1171827848857 I really am straying from the topic here, so time to bring it back to the point. Leo Palace advertises that they waive the fees of Shikikin an Reikin but in fact, they just reword a couple of the additional fees in your contract in order to get that money anyway. One of the additional fees was a moving fee of 31,500 yen (310 dollars), A system fee of 29,000 yen, and an additional disinfecting fee for the new apartment of another 15,750 yen! I am also expected to pay a cleaning fee of 29,920 yen (round it up to 300 bucks) for my old apartment and won't let me clean it myself to avoid fees. But this is just the beginning of the long running list of fees and charges, I also have to pay some other fees I forgot about but after calculating the additional moving fees and including the first and second month's rent I am REQUIRED to pay in cash up front (Japan is a cash only society, this has nothing to do with Leo Palace 21's policy), it all adds up to roughly 200,000 yen (2,000 dollars) to move! That's absolutely insane and would kill my meager savings. I know that half of that goes towards my first two months worth of rent but the other 1,000 dollars? Give me a break here!
F3A77E7MJU34OK6CADDUG6EQUJ34QO4B Leo Palace 21 doesn't even give loyal customers a break on moving into other Leo Palace 21 run apartments. They double dip into cleaning fees and give new move-ins better treatment in the form of the first two months being free. I never got that offer, but I kind of have the feeling my employer wasn't pushing for discounts or anything on my behalf, so live and learn on that one. Heck the first t ime I moved in here bankrupted me, I don't know if I can handle starting from zero again. The real scary thing about all of this is that I wouldn't get much of a better offer from another realtor for a comparable apartment. Sure, I can move into a dive and save a ton of money but I really don't want to fight giant cockroaches and live in a dumpy, dreary, old hole. I value natural sunlight, bright rooms, and cleanliness.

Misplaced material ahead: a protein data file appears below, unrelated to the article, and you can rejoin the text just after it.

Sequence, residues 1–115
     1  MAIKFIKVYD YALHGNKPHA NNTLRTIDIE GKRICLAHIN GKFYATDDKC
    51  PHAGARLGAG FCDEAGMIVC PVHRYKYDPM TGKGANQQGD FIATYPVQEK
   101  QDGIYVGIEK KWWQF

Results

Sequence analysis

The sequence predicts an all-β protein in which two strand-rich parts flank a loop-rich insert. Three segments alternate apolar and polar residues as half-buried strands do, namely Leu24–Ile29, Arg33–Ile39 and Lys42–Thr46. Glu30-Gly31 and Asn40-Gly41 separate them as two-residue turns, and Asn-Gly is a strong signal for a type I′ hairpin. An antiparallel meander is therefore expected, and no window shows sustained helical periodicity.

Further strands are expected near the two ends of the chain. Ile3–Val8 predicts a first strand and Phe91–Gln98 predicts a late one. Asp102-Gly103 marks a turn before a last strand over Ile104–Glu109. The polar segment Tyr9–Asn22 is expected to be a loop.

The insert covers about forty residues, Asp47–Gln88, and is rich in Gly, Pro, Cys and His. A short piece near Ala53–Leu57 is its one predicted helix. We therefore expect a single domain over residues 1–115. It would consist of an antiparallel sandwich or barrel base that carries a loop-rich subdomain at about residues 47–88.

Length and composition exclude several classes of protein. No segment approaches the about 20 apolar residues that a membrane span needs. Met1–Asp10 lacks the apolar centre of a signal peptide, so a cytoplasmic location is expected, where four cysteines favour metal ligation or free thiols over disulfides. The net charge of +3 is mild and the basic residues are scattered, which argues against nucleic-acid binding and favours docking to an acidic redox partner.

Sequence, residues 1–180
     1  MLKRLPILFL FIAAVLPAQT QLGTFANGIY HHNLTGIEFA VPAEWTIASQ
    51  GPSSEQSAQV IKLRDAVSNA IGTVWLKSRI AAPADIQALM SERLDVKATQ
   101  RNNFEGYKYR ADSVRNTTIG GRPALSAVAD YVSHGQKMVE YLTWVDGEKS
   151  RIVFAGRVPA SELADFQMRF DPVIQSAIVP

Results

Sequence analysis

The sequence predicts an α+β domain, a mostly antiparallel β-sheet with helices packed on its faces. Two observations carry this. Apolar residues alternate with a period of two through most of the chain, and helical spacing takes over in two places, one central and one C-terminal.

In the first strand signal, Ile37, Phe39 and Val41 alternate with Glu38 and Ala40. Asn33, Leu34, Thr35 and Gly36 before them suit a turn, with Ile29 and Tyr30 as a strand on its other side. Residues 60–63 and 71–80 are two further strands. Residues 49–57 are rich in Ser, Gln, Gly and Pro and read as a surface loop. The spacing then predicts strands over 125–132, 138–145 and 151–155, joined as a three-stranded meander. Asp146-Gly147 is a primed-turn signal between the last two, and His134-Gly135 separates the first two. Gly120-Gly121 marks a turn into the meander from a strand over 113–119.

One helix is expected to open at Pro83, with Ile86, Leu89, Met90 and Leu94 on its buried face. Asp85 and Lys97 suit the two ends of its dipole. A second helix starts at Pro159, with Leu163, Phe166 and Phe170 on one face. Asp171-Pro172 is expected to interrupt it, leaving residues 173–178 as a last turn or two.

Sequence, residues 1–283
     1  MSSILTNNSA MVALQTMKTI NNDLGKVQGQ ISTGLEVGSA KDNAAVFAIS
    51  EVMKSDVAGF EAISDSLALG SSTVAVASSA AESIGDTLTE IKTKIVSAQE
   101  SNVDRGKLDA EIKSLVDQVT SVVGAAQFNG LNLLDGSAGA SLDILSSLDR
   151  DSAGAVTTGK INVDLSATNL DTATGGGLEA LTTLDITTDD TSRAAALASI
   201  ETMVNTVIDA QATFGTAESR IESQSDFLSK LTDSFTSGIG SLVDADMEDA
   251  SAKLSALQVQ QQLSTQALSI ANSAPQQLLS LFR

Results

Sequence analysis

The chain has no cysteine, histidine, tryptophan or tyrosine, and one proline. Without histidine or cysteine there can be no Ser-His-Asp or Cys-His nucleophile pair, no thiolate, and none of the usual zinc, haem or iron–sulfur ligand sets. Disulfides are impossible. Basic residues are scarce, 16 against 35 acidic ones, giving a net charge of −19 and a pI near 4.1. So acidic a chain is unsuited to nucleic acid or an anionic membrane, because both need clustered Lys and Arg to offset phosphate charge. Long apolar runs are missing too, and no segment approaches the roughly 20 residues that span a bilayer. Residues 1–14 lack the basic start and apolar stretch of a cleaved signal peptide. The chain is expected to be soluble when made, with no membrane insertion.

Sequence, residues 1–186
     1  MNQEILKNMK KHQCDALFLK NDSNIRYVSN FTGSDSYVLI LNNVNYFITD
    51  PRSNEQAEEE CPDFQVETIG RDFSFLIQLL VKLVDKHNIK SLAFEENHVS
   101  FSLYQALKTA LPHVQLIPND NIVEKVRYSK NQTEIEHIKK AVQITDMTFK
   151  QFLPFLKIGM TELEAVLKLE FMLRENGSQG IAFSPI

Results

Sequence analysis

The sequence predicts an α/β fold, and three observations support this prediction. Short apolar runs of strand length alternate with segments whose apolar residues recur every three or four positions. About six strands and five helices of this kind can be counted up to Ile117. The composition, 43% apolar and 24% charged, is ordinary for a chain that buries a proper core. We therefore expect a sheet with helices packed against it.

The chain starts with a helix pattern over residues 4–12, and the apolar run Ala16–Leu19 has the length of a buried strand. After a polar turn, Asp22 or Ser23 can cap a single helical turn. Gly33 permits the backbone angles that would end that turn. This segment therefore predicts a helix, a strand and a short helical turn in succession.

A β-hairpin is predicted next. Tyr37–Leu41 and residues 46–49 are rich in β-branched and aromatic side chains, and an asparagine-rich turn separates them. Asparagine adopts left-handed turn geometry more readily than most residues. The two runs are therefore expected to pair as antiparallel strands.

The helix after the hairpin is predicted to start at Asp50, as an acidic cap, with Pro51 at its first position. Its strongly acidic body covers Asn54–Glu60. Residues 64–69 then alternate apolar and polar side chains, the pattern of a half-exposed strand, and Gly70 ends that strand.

I plan to return to Leo Palace later this afternoon with Yuko to see if we can work out something to save a couple hundred bucks on the move. If I can get Leo Palace to cut out about 500 dollars worth of BS hidden fees, I'll gladly suck up the bill and move. The places they are offering right now are in an awesome location which is close to every thing I ever wanted like shopping, dining, and game arcades, not to mention a train station within biking distance.
1183680539698 So I am at a fork in the road here. Do I grin and bear the monotony and isolation of an unhealthy countryside life and stay in my current apartment, or do I suck it up and look at the bigger picture and move out to something I know will be much better. Either way I am starting to think coming back to America this summer isn't in the cards for me. I do want to see my new nephew Elijah but I want to save more money and I don't want to make my homesickness worse by getting a sample of what life may be back in my hometown. It doesn't mean I don't want to go back to America any time soon but I want to make my time in Japan count for something and not come back home with less money than I came with. I plan to come home in a few years with at least $10,000 to start my real life back in San Diego. Here's hoping for the best!

1 comment:

  1. Scotty,
    I really hope that it's not a few years before we see you. That would be really sad!